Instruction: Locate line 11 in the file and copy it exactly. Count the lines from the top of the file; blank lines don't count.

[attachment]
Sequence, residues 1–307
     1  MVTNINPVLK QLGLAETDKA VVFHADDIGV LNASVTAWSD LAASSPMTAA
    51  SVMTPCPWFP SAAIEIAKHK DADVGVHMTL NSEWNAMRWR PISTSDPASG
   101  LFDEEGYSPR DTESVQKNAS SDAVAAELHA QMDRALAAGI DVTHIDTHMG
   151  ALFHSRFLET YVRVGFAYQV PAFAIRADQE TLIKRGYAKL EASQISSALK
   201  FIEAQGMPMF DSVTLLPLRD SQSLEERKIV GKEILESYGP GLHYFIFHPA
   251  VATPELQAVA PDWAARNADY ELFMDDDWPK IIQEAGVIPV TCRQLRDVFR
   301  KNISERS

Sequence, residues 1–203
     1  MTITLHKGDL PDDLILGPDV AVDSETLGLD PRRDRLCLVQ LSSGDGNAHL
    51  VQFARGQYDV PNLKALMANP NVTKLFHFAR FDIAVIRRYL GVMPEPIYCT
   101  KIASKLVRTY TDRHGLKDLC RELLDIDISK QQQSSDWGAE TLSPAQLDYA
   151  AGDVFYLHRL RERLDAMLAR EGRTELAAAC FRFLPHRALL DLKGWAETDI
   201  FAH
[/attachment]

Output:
    51  VQFARGQYDV PNLKALMANP NVTKLFHFAR FDIAVIRRYL GVMPEPIYCT